Attending to problem areas. Sprague and colleagues (1999) stress the importance of using data, rather than impressions, to guide decisions to maintain or modify what, how, and where changes in discipline policy and procedures are necessary.

Patterns in incident data indicate where prevention programming is needed (Sprague et al., 1999). For example, as Banks (2000) explains, bullying can dramatically affect the ability of students to progress academically and socially. If a school identifies a pattern of bullying in its incident data, then a bullying prevention program would be a prudent use of resources. Stephens (1994) describes one instance where, by having and using a good incident data system, administrators were able to determine that nearly every time a fight occurred on campus it involved a certain group of female students who had formed a "dance club." They learned that this club was really a new gang and were able to take measures to put a stop to the emerging gang activities.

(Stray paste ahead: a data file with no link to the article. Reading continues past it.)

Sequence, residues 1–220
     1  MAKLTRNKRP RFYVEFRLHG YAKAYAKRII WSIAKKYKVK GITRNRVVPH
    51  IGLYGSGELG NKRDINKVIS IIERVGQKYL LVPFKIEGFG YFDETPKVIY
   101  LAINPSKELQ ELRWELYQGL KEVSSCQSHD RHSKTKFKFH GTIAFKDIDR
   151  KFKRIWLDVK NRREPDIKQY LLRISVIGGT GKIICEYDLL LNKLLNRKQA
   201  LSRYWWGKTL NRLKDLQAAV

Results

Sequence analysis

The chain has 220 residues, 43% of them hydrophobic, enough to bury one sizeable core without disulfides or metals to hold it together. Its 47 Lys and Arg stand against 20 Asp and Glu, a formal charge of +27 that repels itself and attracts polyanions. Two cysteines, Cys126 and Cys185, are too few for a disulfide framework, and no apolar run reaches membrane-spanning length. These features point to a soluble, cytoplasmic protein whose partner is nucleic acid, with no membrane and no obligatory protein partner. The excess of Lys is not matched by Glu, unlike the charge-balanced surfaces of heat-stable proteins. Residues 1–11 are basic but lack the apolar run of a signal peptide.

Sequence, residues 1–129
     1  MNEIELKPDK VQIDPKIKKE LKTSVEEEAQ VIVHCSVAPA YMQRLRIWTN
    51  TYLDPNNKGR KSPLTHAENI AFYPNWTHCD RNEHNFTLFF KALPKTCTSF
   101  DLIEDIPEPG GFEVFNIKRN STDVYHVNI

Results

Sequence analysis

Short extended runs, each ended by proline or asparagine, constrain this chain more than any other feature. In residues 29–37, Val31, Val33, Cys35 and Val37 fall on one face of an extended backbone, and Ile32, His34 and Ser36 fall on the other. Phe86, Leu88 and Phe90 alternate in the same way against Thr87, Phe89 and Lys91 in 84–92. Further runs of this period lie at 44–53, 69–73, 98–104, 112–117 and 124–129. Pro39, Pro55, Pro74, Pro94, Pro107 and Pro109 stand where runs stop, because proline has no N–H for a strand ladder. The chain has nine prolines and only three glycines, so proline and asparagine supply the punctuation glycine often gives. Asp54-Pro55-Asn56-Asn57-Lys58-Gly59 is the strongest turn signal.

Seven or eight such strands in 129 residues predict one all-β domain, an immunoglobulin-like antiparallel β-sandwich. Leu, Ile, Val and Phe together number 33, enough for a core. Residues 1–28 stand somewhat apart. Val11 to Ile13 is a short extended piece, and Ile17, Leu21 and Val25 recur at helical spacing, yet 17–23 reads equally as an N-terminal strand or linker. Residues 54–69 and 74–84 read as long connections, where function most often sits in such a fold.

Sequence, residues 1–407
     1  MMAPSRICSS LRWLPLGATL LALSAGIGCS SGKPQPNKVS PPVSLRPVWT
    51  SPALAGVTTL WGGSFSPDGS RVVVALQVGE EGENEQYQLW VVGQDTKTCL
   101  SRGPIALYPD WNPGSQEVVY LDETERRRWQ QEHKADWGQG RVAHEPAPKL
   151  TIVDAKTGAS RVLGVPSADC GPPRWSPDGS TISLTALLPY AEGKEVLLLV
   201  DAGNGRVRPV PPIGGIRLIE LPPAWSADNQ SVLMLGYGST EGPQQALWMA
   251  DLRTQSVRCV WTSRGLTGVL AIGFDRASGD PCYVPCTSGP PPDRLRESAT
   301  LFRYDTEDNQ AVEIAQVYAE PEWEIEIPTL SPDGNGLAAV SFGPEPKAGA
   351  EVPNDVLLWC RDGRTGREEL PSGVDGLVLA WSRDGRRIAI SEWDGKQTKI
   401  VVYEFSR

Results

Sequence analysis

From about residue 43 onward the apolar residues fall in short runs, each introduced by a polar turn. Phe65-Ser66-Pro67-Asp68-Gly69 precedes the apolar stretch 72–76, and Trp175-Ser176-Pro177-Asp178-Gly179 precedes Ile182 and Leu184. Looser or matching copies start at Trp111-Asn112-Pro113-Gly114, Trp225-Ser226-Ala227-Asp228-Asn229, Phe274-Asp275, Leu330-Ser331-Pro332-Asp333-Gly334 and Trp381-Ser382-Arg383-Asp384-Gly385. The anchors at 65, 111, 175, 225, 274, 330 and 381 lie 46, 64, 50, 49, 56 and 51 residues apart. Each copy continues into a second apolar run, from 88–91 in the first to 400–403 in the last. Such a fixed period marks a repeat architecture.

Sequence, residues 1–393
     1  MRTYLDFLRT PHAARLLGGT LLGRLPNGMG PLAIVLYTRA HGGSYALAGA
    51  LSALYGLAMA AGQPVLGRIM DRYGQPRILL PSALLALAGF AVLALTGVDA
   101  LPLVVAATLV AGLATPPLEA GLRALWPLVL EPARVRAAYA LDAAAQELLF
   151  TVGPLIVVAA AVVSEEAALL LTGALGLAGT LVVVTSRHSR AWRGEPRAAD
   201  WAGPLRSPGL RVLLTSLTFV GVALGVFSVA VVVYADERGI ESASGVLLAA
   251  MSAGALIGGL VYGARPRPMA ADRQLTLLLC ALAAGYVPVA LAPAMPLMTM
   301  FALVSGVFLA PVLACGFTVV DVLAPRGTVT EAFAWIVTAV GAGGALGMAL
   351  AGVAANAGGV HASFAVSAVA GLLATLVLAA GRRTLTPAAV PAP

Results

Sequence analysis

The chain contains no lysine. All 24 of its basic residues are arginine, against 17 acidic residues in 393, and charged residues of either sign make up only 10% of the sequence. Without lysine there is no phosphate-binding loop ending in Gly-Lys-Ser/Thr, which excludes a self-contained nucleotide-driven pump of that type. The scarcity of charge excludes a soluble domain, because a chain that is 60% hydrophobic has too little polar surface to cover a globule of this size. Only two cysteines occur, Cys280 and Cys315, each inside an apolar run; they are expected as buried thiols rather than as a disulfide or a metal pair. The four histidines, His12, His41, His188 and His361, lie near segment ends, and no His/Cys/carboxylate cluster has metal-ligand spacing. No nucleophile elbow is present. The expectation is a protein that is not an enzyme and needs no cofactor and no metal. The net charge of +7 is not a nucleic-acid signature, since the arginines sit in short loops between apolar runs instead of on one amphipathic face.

With reliable data, school administrators will have information essential to problem solving.
Without systematic, data-based decisionmaking procedures, the implementation of the best discipline system is likely to be ineffective. School-wide discipline planning-setting the stage for positive reinforcement of responsible student behavior and developing strategies for getting students back on track when their behavior is disturbing learning-serves as an instrument enabling effective instruction and learning to take place. With reliable data, school administrators can work more efficiently. They will have the information essential to solving problems, selecting appropriate interventions, and providing better support for student learning (Nakasato, 2000). Incident data can also be used to assess the effects of interventions (Flannery, 1998).